News / Europe

    Terrorism Trial Offers Diversion from European Debt Crisis

    Convicted Venezuelan terrorist Illich Ramirez Sanchez, aka "Carlos" waits at Paris Court House prior his questioning by German prosecutors about the involvement of a former comrade-in-arms in the bloody attack on an OPEC conference in Vienna in 1975, (Fil
    Convicted Venezuelan terrorist Illich Ramirez Sanchez, aka "Carlos" waits at Paris Court House prior his questioning by German prosecutors about the involvement of a former comrade-in-arms in the bloody attack on an OPEC conference in Vienna in 1975, (Fil

    Besides Europe's financial crisis, France has been riveted this week by the trial of Ilich Ramirez Sanchez, known to many as Carlos the Jackal. The trial has sparked debate about old-style terrorism - and what has, and hasn't, changed.

    Sanchez high-profile trial begins

    This is not the first time Ilich Ramirez Sanchez has gone on trial. The man better known as "Carlos the Jackal" is already serving a life sentence killing two French police and a Lebanese informer in Paris in 1975.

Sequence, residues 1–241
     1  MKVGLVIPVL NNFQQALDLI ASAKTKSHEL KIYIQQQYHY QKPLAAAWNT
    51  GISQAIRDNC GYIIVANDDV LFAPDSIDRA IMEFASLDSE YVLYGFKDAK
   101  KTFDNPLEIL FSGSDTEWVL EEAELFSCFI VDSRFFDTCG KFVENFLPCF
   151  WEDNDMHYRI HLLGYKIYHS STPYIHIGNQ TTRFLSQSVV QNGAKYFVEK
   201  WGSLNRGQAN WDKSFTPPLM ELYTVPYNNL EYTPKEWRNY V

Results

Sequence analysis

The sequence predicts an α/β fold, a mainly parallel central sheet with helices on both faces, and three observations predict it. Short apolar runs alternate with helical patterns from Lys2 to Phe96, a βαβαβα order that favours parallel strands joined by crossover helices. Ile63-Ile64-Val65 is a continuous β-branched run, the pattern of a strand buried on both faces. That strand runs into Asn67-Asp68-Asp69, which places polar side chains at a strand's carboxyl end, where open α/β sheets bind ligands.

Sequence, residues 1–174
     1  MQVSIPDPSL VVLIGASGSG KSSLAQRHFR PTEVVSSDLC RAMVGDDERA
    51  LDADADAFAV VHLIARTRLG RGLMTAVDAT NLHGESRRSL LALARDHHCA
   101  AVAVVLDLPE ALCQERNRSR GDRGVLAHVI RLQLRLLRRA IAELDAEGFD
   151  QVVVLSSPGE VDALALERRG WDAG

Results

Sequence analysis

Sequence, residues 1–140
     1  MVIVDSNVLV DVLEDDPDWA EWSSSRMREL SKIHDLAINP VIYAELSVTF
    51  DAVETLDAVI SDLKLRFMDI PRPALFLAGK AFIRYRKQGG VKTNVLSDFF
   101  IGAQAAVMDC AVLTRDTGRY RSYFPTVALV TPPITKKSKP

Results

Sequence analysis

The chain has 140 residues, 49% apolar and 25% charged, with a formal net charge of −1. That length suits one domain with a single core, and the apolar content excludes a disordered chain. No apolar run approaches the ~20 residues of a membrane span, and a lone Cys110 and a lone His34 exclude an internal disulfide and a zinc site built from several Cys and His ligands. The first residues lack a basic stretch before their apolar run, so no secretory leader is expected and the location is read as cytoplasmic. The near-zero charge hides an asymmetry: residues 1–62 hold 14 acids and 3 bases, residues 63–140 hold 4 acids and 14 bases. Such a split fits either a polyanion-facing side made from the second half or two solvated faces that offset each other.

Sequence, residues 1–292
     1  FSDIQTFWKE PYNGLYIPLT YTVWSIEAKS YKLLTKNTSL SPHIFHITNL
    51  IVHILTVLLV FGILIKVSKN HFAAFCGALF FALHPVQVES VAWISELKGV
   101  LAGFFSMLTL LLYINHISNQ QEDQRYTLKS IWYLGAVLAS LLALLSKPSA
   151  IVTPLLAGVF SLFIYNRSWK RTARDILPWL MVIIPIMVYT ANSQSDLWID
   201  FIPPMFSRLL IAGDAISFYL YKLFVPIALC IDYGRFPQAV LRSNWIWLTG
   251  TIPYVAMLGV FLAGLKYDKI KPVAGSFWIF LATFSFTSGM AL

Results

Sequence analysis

The media has been captivated by 62-year-old Ramirez, who has filled the courtroom with rambling but colorful speeches.

    This time, he is being tried in connection to four bombings in France between 1982 and 1983, that killed 11 people and wounded at least 150 more. His lawyer and wife, Isabelle Courtant-Peyre, claims he is innocent.

    In an interview on French radio, Courtant-Peyre says Ramirez has been condemned without proof.

    Ramirez has a colorful past. Born in Venezuela, he was expelled as a student from the former Soviet Union. He spent a decade on the run in the Middle East, Europe and parts of Africa. He mixed with Palestinian radicals and worked for several Eastern European intelligence services.

    "He was a really iconic terrorist at the time. He was the specter of the bogey man [monster] that had all the counter-terrorist organizations and all the governments running around trying to catch him," stated London-based terrorism expert Bob Ayers.